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Conference Blog: Movement Building and Grassroots Advocacy

Friday, September 14, 2018   (0 Comments)
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Movement Building and Grassroots Advocacy:  How Capacity Builders Can Help Organizations Build Power from the Bottom Up

How Do you Create a Brand-New Advocacy Group from the Bottom Up?

In 2010, the arts and creative community in Massachusetts didn’t have the support it needed. No advocacy organization existed. Over the two previous decades, the Commonwealth did have three arts advocacy groups that were founded with fanfare, did some good work, but ultimately ran out of money and energy, and dissolved. These groups generally followed a Chamber of Commerce style model, an inside-the-State-House, grasstops advocacy model promoting a relatively narrow self-interested platform.

As a result, In 2010, statewide funding for the arts sector had dropped 67% to a low of $9 million. Funding for the arts in Boston was the lowest among major cities in the nation, and access and participation to arts education had been in a steady decline.

So how do you serve a sector that isn’t being served? How do you create an organization from the ground up?

Arts organizations in Massachusetts answered this question by forming MASSCreative, a statewide public education and advocacy group for the arts and creative sector. They started again from scratch (for the fourth time!) and invested in a broad-based grassroots model to build a sustainable model from the bottom up.

MASSCreative is built on a strong and time-tested foundation. By adapting tools from the other social movements, MASSCreative has created a new grassroots advocacy model for the arts and creative sector. This model builds capacity for a more vibrant, healthy, and connected Massachusetts by bringing more resources and support to the arts and creative community. Over the past six years, the organization has grown from a one-person shop, with no members, and a modest $125,000 seed budget, to a powerful voice for the arts and creative community with six full time staff, 400 dues-paying members, a budget approaching $600,000, and more than 30,000 residents who have taken political action in support of arts and creativity.

Five learning objectives have guided MASSCreative’s growth and can be adapted to help other advocacy organizations begin and grow. These are:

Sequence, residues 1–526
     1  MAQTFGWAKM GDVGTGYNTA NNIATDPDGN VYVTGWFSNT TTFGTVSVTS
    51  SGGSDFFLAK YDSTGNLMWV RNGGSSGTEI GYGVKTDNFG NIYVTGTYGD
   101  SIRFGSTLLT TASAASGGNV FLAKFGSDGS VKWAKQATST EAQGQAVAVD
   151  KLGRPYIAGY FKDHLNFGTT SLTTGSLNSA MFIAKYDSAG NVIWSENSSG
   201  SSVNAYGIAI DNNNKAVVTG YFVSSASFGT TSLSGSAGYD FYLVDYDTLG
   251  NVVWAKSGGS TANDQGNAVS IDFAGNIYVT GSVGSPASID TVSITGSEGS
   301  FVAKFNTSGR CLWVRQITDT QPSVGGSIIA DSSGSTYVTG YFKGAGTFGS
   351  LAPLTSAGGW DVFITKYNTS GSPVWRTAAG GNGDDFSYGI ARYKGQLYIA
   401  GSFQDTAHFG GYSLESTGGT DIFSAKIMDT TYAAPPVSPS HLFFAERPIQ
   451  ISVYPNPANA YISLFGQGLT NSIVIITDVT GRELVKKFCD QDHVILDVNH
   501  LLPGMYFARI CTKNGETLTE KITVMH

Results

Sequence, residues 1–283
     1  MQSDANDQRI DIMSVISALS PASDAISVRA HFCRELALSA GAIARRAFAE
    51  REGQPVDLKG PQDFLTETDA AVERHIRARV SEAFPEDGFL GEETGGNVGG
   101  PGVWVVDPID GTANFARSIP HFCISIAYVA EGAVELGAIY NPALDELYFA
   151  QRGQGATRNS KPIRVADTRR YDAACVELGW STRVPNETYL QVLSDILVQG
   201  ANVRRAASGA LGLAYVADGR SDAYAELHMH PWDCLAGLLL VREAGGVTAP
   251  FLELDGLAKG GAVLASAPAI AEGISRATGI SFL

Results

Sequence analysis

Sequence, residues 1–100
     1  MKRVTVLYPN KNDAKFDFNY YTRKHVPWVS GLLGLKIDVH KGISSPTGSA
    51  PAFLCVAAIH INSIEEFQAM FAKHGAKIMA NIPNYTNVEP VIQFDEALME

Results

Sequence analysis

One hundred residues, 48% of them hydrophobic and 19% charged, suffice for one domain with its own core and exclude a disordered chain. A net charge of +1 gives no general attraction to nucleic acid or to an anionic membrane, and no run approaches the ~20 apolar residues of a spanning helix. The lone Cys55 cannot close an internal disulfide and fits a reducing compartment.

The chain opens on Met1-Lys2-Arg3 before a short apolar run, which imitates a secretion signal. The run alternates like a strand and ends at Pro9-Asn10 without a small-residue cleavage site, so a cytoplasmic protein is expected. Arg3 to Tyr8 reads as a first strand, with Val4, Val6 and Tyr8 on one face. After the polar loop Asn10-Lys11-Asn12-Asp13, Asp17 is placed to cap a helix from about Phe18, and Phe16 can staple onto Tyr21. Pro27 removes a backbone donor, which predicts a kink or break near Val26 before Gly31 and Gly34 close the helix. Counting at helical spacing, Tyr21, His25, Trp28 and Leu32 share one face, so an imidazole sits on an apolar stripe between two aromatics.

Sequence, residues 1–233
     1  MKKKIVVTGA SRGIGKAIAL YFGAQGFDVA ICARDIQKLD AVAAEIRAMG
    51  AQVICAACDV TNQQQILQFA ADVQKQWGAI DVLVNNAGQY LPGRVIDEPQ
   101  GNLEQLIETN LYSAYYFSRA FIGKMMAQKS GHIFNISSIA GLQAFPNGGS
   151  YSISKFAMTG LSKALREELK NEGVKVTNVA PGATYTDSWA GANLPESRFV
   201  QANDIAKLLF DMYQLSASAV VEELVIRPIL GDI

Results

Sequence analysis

1. Comprehensive outreach and planning with stakeholders to define need and mission, and earn support of key stakeholders. Before the founding of MASSCreative, the arts community spent time affirming the need for a new organization, defining the mission, and bringing the stakeholders together as a united group to launch the project. Through this process it created ownership of the organization by the key players in the sector.
  2. Use Program to Build Organization  and use Organization to Build your Program. Starting from scratch in 2012, MASSCreative built its organization through running issue campaigns. Through engaging the field in campaign actions, MASSCreative brought in groups as members, activated residents around the issue, built visibility through earned and social media, and attracted donors to the work. This increased organizational capacity in turn allowed MASSCreative to increase the breadth and depth of its programming. The cycle continues through increased organizational structure which provides capacity for bolder campaigns, which in turn bring in more partners and support.
  3. The Movement Needs to Reflect its Mission. The success of MASSCreative relies on the ability of its board and staff to build a base of support that is diverse and inclusive. It is this base of support that helps define the platform of the organization and can build the widespread base of support needed to influence political leaders.
  4. Use and Adapt Tried and True Advocacy Strategy Models. MASSCreative borrowed and adapted tried and true strategic structure from another advocacy movement and overlaid it in the sector. The organization’s strategy tripod uses public education, advocacy, and grassroots organizing to tell the story, ask for what the sector needs, and build the power it needs to earn support from government leaders. These strategies that have helped guide other advocacy group’s activities all work iteratively to create the context for policy change.
  5. Develop and Use a Compelling, Consistent Public Interest Narrative. Movements work best when they are in the public interest and they have an accompanying narrative that supports that mission. Many advocacy groups fall into a self-interest mission and narrative and are unable to build broader support for their cause. In working to build support for the arts as a public good and worthy of public support and resources, the arts and creative community needed to develop a broader narrative and build public will talking about the power of arts and creativity to build vibrant, and healthy communities.

MASSCreative is the result of the efforts of arts and creative leaders who saw a need and filled it. MASSCreative started from scratch and has grown to become a sustainable organization that has the political power and capacity to create change. The environmental and anti-war movements provided organizing lessons for success that were adapted for the arts community. The result is an organization with a growing staff, bold policy platform, a budding grasstops and grassroots infrastructure, and record of campaign successes. It’s a lesson for other leaders of how social change can happen when you build for the ground up.

Submitted by: Matt Wilson, Executive Director, MASSCreative